Lentil Escarole Soup This richly flavored soup was the first dish I tasted at Auntie Pina’s table.
- extra virgin olive oil
- 2-3 cloves fresh garlic, finely minced
- 1 small yellow onion, diced
- sea salt
- 1 stalk celery, diced
- 1 carrot, diced
- 2-3 small, ripe tomatoes, diced, do not seed
- 1 small dried red chili, crushed
- 1 teaspoon ground cumin
- 1 teaspoon tumeric
- 1 cup green or brown lentils, sorted, rinsed well
- 1 bay leaf
- 4-5 cups spring or filtered water
- 1-2 teaspoons sea salt
- 3-4 leaves escarole, finely shredded
- 2-3 sprigs fresh basil, finely minced, for garnish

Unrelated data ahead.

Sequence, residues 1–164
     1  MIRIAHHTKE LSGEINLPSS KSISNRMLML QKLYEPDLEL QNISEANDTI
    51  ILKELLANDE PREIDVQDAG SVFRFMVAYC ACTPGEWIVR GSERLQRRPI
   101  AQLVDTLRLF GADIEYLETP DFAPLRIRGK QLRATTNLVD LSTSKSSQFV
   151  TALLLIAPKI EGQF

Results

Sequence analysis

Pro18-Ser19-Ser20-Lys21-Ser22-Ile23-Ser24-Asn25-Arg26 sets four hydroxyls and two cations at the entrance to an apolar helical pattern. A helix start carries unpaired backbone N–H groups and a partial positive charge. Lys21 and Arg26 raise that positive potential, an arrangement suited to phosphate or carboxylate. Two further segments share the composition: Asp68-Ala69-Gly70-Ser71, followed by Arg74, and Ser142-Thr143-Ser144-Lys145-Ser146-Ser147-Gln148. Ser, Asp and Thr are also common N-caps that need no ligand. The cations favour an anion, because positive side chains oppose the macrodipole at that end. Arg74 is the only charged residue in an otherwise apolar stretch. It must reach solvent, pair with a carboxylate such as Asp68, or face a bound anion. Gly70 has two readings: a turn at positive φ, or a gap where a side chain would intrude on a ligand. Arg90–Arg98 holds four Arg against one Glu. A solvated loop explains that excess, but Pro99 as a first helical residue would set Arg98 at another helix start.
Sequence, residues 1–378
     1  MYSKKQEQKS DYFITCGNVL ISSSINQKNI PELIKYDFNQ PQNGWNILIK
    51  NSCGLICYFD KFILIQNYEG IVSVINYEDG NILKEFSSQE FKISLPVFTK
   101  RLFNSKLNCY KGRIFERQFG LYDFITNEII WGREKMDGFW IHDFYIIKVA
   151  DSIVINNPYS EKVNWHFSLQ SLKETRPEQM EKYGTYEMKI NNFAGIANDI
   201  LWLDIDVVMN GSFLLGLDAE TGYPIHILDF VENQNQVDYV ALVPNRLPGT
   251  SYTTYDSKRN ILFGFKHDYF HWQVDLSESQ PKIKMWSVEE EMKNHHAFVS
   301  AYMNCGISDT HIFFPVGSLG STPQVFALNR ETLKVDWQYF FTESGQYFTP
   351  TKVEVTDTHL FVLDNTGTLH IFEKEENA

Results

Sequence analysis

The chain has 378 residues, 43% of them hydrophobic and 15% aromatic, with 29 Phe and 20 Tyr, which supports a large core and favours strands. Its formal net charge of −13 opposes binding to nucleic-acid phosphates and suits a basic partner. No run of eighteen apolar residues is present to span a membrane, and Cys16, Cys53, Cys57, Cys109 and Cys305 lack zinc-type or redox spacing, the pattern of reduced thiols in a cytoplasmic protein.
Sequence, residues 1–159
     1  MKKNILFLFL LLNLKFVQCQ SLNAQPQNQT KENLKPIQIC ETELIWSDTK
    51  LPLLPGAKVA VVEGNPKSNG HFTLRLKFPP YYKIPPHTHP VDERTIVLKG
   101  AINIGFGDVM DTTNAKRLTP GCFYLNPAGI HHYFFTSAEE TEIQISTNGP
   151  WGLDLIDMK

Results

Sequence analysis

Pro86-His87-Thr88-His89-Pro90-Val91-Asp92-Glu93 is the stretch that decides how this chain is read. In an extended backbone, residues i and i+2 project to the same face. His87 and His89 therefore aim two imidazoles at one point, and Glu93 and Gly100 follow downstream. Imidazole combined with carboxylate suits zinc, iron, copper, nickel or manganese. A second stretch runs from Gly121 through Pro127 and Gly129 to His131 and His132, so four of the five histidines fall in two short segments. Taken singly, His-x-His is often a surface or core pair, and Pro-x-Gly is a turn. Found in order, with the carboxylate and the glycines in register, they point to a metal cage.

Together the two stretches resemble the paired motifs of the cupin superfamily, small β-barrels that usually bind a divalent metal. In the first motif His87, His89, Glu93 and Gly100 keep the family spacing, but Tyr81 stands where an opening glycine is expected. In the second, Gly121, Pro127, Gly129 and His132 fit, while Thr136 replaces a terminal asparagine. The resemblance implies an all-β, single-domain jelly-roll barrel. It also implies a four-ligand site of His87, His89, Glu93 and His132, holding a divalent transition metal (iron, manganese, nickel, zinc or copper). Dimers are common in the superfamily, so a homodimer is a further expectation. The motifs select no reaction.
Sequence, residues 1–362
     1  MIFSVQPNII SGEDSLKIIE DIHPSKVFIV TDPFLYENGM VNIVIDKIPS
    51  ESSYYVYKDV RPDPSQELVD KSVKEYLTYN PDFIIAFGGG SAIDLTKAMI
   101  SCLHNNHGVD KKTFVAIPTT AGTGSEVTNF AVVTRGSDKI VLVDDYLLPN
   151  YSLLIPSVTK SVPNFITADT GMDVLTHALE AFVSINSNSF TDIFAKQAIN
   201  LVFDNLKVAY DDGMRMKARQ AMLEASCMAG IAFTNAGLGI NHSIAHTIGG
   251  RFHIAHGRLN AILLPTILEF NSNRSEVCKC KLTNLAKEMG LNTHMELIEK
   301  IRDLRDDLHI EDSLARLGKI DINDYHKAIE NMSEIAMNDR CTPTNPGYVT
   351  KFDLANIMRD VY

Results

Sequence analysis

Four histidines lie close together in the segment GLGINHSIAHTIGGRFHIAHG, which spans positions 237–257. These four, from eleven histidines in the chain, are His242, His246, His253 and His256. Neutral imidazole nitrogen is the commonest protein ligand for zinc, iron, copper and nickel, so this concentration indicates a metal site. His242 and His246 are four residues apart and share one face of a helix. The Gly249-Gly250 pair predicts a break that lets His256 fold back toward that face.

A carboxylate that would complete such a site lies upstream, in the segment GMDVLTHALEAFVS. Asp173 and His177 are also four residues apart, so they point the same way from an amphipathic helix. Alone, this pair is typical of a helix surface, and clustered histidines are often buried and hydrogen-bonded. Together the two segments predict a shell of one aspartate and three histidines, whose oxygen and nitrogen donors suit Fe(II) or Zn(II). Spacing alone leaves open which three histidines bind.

- Place a small amount of oil in a skillet, with garlic and onions and turn heat to medium.
- When the onions begin to sizzle, add a pinch of sea salt and saute for 2 minutes.
- Transfer to a soup pot with a little more oil.
- Add carrot and tomato, another pinch of salt and saute until shiny with oil.
- Add chili, cumin and tumeric and stir well.
- Add lentils, bay leaf and water, cover and bring to a boil.
- Reduce heat to low and cook until lentils are quite soft, about 45 minutes.
- Season to taste with salt.
- Remove bay leaf and simmer soup, uncovered for 3-4 minutes.
- Stir escarole and basil into soup and serve immediately.
Makes 5-6 servings.
The day that I tasted these light-as-air fritters, I was in love. Chickpeas are a staple in Sicilian cooking and this recipe showcases that nutty earthy flavor.
- 2 ½ cups chickpea flour
- 3 cups spring or filtered water